Definitely not nice and shiny, but I'd recommend an older edition of the Joy of Cooking. I have from the early '60's and it's an amazing resource for making anything from scratch, using odd cuts of meat, etc. And it comes from an era when there just weren't that many fancy ingredients around, so it doesn't ever call for them.

MBot

  • Pencil Stache
  • ****
  • Posts: 509
Re: Physical cookbooks for really cheap meals
« Reply #15 on: June 23, 2017, 08:56:10 PM »
More with less is a great suggestion!

The Budget Bytes  cookbook has nice pictures, variety, and is focused on tasty and cheap food. I like the website but still found the book quite useful for a few winning recipes.

MBot

  • Pencil Stache
  • ****
  • Posts: 509
Re: Physical cookbooks for really cheap meals
« Reply #16 on: June 23, 2017, 08:58:48 PM »
Also I find Bittmans  How to Cook Everything is great for going by ingredient. No pictures, but it will often show a preparation of a meat or veg I've done before, then three or five other techniques or approaches. It is very useful in that way.

However, it lacks a few recipes needed to be truly comprehensive, so I wouldn't find the title completely accurate.

shelivesthedream

  • Magnum Stache
  • ******
  • Posts: 4797
  • Location: London, UK
Re: Physical cookbooks for really cheap meals
« Reply #17 on: June 26, 2017, 02:29:25 PM »
Not many suggestions available at the library, but I've reserved:
One Pound Meals by Miguel Barclay
A Year in 120 Recipes by Jack Monroe
The Complete Nose to Tail by Fergus Henderson

I've also downloaded the Good and Cheap PDF. That ought to get me started, and then there's a couple in this thread I might buy if I need a further culinary pick-me-up down the line. I'm particularly interested in The More With Less Cookbook and The Monday to Friday Cookbook.

Thanks, all! I love this forum!

tralfamadorian

  • Handlebar Stache
  • *****
  • Posts: 1213
Re: Physical cookbooks for really cheap meals
« Reply #18 on: June 26, 2017, 02:51:52 PM »
Stir Frying to the Sky's Edge by Grace Young.

Recipes feature small amounts of protein and lots of veggies.   Book gives lots of useful info on stir frying techniques.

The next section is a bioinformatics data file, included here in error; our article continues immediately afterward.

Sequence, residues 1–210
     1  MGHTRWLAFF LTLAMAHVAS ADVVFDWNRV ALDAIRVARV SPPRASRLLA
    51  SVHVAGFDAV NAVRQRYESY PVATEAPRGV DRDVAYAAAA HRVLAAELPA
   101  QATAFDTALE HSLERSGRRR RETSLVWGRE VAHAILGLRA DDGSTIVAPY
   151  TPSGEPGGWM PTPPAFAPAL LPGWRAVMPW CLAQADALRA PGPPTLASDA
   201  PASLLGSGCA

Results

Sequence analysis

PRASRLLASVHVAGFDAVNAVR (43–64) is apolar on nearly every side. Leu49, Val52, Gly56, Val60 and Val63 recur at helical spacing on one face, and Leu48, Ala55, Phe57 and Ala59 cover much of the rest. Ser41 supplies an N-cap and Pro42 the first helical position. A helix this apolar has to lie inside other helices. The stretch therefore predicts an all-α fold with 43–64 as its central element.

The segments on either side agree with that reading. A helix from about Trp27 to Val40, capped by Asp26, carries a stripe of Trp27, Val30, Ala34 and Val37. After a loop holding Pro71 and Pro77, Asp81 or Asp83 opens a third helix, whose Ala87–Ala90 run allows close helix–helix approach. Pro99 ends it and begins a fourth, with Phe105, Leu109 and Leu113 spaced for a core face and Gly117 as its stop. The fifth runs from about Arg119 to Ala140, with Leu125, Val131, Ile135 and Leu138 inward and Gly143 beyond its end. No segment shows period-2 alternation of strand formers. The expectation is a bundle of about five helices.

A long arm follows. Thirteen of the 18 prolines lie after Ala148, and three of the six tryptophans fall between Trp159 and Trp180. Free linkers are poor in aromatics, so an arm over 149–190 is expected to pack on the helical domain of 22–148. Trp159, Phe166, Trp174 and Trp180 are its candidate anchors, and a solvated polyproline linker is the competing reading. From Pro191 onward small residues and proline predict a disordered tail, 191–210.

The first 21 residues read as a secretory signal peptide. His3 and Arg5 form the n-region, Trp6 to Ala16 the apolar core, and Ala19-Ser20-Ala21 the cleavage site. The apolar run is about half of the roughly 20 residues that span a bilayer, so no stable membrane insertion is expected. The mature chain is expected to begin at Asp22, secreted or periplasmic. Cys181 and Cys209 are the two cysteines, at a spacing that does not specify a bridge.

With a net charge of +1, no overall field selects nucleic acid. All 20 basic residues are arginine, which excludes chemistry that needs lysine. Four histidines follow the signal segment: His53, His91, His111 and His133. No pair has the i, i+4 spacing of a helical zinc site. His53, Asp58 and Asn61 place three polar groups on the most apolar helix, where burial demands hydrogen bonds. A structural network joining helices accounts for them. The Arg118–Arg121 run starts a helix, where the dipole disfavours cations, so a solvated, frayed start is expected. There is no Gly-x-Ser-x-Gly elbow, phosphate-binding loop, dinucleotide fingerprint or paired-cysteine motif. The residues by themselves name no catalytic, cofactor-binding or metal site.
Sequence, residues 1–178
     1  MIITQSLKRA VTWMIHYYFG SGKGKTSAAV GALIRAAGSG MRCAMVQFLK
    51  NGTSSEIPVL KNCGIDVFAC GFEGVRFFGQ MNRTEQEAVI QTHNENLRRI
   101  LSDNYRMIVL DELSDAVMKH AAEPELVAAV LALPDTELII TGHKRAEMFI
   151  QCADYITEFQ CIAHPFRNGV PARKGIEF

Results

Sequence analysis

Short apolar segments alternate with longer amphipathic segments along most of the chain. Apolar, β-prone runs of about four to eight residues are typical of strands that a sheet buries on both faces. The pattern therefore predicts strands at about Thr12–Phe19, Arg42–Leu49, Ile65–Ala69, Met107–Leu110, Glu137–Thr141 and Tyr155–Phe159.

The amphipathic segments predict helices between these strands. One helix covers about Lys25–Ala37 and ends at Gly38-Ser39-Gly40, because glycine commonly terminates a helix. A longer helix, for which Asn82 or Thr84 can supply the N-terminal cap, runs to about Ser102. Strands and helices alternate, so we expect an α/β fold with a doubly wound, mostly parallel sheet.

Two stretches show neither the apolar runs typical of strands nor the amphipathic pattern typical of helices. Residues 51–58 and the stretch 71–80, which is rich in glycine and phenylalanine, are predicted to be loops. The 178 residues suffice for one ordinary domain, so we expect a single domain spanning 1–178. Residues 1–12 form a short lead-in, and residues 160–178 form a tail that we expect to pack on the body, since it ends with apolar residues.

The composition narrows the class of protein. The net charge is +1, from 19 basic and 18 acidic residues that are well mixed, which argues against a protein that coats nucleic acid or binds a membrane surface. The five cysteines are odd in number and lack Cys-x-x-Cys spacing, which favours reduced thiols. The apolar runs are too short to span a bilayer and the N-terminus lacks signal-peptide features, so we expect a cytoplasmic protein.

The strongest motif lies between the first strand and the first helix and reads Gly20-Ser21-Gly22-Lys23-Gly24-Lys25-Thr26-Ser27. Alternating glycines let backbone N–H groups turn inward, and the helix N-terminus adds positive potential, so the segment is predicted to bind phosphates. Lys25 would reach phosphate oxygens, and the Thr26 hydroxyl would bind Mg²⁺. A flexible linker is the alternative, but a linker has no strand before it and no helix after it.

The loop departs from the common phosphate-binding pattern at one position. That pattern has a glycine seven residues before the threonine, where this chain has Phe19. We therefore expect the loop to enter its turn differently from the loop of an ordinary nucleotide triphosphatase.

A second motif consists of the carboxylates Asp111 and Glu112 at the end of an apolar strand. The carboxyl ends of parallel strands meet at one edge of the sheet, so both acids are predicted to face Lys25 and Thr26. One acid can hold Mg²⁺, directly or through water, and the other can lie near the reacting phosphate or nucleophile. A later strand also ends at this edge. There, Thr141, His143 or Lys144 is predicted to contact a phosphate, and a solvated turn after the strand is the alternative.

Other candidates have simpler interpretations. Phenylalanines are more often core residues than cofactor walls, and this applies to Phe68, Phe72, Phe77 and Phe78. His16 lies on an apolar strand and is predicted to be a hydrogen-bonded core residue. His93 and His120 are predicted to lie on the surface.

Silly American measurements, however (ie: cups and tablespoons).

I love this book!  And I enjoy saying its goofy name when I recommend it to people.

rdaneel0

  • Pencil Stache
  • ****
  • Posts: 874
Re: Physical cookbooks for really cheap meals
« Reply #19 on: June 26, 2017, 03:20:38 PM »
Go to the library! Good libraries usually have pretty huge cookbook sections. I find that most cookbooks only have a few recipes that ultimately become regulars in my kitchen. I just photocopy the best recipes, or print them from online, and then put them in my recipe binder. I have a pretty sweet collection now. Cost= $0

meghan88

  • Pencil Stache
  • ****
  • Posts: 702
  • Location: Montreal
Re: Physical cookbooks for really cheap meals
« Reply #20 on: June 26, 2017, 05:53:10 PM »
Go to the library! Good libraries usually have pretty huge cookbook sections. I find that most cookbooks only have a few recipes that ultimately become regulars in my kitchen. I just photocopy the best recipes, or print them from online, and then put them in my recipe binder. I have a pretty sweet collection now. Cost= $0

This.  Unless you want to do a Julia & Julia thing and blog about it, those books will cost you and will just be taking up space.  There are lots of online resources.

ObviouslyNotAGolfer

  • Stubble
  • **
  • Posts: 232
Re: Physical cookbooks for really cheap meals
« Reply #21 on: June 26, 2017, 07:40:06 PM »
I don't cook, but my wife does, and she is a big fan of the Rachel Ray books. Some of these recipes are quite cheap, and the books themselves can be bought cheaply at used bookstores or Amazon. Most of the meals are quite easy to do.

jengod

  • Handlebar Stache
  • *****
  • Posts: 1220
  • Location: Near LAX
Re: Physical cookbooks for really cheap meals
« Reply #22 on: June 27, 2017, 12:10:40 AM »
An Everlasting Meal by Tamar Adler
&
Kitchen Counter Cooking School by Kathleen Finn

Moonwaves

  • Handlebar Stache
  • *****
  • Posts: 1115
  • Location: Germany
    • My blog
Re: Physical cookbooks for really cheap meals
« Reply #23 on: June 27, 2017, 01:19:23 AM »
Go to the library! Good libraries usually have pretty huge cookbook sections. I find that most cookbooks only have a few recipes that ultimately become regulars in my kitchen. I just photocopy the best recipes, or print them from online, and then put them in my recipe binder. I have a pretty sweet collection now. Cost= $0